A network of patronage
In 1964 and again in 1985, the army sided with popular revolts in Sudan to bring a swift end to previous military dictatorships. But President Bashir has spent the last 30 years working to ‘coup-proof’ his regime.
He has created multiple security forces, shadow party militias and an extremely powerful National Intelligence and Security Service, politicized the army and other state institutions, and enabled regime insiders to take control of key sectors and companies within the economy. All are part of Sudan’s Islamist ‘deep state’, and a network of patronage that constitutes a formidable barrier to regime change.
Nevertheless, there are some members of the incumbent National Congress Party who do not want Bashir to stand for re-election again. Latterly, Bashir’s response to the protests has been to step aside as party leader and reposition himself as a unifying figure for the nation. He has brought in his trusted ally Ahmed Haroun as acting party chairman to weed out Islamist opponents, including those loyal to the influential former senior presidential adviser Nafie Ali Nafie.
Like Bashir, Haroun is subject to an arrest warrant by the International Criminal Court for atrocity crimes in Darfur. The president has also installed loyalists in key government posts, including Mohamed Tahir Eila as prime minister, and Lieutenant General Awad Ibn Awf, the defence minister, as first vice-president.
The president’s calculation appears to be that he can weather the current protests – and counter opposition within the regime – by controlling the army and the security forces. The army high command benefits financially from the system, and was recently reshuffled to consolidate loyalties. However, if popular pressure and economic hardship continue, those who believe their duty is to protect the nation above the regime could well break ranks.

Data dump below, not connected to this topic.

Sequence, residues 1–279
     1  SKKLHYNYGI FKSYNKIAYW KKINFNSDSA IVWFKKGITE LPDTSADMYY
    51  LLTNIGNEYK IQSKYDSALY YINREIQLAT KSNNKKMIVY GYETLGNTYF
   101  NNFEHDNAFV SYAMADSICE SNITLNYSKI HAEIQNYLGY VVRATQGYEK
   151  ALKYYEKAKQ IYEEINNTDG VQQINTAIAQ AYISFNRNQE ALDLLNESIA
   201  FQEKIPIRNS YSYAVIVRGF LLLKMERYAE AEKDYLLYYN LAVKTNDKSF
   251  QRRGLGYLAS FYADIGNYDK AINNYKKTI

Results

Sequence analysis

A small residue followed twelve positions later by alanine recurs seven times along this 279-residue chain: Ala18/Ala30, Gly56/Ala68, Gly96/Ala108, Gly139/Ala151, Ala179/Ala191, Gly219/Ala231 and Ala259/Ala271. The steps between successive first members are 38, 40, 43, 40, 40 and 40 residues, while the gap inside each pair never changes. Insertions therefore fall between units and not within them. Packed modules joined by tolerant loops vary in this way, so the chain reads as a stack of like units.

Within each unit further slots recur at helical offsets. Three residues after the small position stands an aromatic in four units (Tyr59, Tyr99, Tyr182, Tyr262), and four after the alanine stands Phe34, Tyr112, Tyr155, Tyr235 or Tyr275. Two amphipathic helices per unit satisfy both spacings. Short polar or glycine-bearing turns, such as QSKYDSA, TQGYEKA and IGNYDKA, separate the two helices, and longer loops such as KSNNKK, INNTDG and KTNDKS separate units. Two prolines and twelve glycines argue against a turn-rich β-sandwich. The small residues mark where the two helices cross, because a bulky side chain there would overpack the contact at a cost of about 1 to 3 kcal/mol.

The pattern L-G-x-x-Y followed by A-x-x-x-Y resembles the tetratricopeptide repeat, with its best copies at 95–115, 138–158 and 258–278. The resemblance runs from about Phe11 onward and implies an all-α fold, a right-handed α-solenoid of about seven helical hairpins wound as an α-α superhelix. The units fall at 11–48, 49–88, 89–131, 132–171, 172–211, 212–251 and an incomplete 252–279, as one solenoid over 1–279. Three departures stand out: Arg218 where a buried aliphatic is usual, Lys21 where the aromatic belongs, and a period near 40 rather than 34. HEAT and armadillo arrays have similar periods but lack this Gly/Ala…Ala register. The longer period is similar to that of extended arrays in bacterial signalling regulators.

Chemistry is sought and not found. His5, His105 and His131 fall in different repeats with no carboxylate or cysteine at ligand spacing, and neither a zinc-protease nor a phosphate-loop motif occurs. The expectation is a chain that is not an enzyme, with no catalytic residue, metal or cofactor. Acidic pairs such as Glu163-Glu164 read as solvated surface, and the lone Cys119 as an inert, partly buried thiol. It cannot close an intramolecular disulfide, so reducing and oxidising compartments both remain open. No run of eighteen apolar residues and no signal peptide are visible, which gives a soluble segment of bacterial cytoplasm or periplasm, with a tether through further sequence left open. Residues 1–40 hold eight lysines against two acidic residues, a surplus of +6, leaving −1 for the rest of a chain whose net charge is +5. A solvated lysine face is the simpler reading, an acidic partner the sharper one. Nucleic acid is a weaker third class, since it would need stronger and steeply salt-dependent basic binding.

The international response
President Bashir has been trying to stay neutral between rival blocs in the Gulf crisis. With his recent appointments and dismissals, he may be hoping to please Egypt, Saudi Arabia and the UAE, while also seeking to reassure Qatar by nevertheless retaining loyal Islamists in senior positions. Sudan harbours the ambition of taking over the chair of a restructured Intergovernmental Authority on Development from Ethiopia, although this could be thwarted by the current crisis.
In addition to its long-standing strategic partnership with China, Sudan enjoys strong support from Russia – one of its major backers on the UN Security Council – and has recently been building up military cooperation with Moscow.
Over the last three years, the US, the UK, the EU and others have pursued a ‘phased engagement’ with Khartoum, treating it as a partner on counterterrorism, migration, trade and regional issues. But the protests may force a rethink.
The Troika (the US, the UK and Norway), Canada and the EU have all condemned the regime’s excessive violence, urged the release of detainees, emphasized the need for political and economic reform, and warned that their future engagement will be affected by the Sudanese government’s actions.
If these warnings are to be taken seriously, Western governments should suspend talks on normalization and bilateral strategic dialogues while violent repression continues; engage seriously with a broad range of parties calling for reform; and support an independent international fact-finding mission to investigate alleged recent human rights violations, bearing in mind that domestic inquiries in Sudan have not previously resulted in accountability for perpetrators or justice for victims.
The current protests have become a war of attrition, with neither side willing to give up. What is clear, however, is that pressure for change will continue to come from the Sudanese street, and that the government has not articulated answers to the root causes of the crisis.